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How to Celebrate a Socially Distant Christmas

Christmas 2020 is going to be very different. But that does not mean that traditions can’t go on, and a tradition in many families is party games. This year, with our Christmas bubbles, we can have some members of our extended family in our house, but we may still want to maintain a safe distance […]

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Christmas 2020 is going to be very different. But that does not mean that traditions can’t go on, and a tradition in many families is party games. This year, with our Christmas bubbles, we can have some members of our extended family in our house, but we may still want to maintain a safe distance from them. So, we have solved this problem with our pick of party games you can still play party games while maintaining social distance this Christmas.

Who Am I?

This is a classic in many homes each Christmas, and it always brings laughs – especially when Grandma has to try and guess Kim Kardashian. People that are in a bubble together can be responsible for writing down the famous figure that needs to be guessed on a sticky note and then pass it to the player to put it on their head. People can be spread around the room because they do not need to be right next to each other, as long as everyone can see the names on the sticky notes. You might need to pass Dad his glasses so he can see, though!

Umbrella Bounce

Umbrella Bounce is a simple game – you only need an umbrella and three tennis balls. The game works by having an open umbrella, (outside if you are superstitious), about 10 to 15 feet from where you are standing. Each person has three balls that they have to bounce into the umbrella. The person that has gone the most balls in at the end wins. This can be done socially distant by disinfecting the balls after use or having different balls for each person. The kids could also have their own little tournament with their kids umbrellas.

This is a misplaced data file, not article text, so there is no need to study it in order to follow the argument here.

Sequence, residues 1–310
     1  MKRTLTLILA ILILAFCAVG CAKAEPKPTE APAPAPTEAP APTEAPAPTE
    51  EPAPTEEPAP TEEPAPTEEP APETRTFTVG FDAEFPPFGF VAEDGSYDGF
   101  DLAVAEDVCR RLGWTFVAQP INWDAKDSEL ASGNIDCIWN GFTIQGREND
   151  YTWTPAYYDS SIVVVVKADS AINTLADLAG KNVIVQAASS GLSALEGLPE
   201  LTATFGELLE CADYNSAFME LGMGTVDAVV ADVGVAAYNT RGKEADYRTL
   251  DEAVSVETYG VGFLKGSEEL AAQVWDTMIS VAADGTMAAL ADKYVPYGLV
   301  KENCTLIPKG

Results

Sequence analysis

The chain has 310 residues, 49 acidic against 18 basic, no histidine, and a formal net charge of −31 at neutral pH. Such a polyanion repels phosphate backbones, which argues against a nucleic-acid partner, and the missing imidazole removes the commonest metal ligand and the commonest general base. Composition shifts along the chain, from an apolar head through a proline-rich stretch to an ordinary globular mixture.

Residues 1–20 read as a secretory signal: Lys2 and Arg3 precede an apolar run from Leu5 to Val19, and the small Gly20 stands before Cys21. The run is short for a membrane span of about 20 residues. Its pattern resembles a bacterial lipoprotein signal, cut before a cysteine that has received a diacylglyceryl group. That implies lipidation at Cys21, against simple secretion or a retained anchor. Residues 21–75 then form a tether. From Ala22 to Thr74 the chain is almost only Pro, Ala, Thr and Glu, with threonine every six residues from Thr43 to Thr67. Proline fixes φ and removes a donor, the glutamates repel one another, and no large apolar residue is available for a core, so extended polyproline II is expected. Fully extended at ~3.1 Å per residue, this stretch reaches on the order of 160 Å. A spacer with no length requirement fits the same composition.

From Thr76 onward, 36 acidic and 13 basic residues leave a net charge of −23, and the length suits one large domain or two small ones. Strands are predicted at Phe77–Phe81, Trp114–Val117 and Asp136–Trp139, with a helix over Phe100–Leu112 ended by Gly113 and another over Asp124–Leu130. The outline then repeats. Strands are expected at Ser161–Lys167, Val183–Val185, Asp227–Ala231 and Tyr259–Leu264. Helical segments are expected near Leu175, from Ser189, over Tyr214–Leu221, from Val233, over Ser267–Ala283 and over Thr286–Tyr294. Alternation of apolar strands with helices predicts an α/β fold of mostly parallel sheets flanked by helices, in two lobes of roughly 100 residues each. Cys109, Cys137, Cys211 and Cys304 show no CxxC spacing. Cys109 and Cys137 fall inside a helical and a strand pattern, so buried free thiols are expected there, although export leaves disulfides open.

Wink Murder

Many of you may have played this at school, and it is an old favourite. You start with all your players placed around the room, (or dinner table). One person is the detective, and one person is selected to be the murderer. The murderer then winks at each of the other players – if you’re winked at, that’s your cue to perform a dramatic death! The murderer must do this while avoiding being seen by the detective. It is then up to the detective to work out who is the murderer.

The game ends when either the detective has guessed correctly, or the murder has killed all the other players. Extra points for award-winning deaths!

Simultaneous board games

If board games are what your family loves, you could still play them all together, but in a safe way. Have two sets of the same board game open and replicate the game on each board, but it means that each household can have their own equipment and they are not sharing with the other household.

Charades

For households that can’t be together, you can still play that old Christmas favourite, charades, with the help of technology. Compete against the other household or mix the teams up and try to guess across videocall. It will be like you are in the same room together and a good alternative that will help you keep up the Christmas tradition.

So, this Christmas may be very different to other years, but you can still keep the tradition of the family party games alive with our suggestions. Some may even become family favourites and will be played every year in the future.

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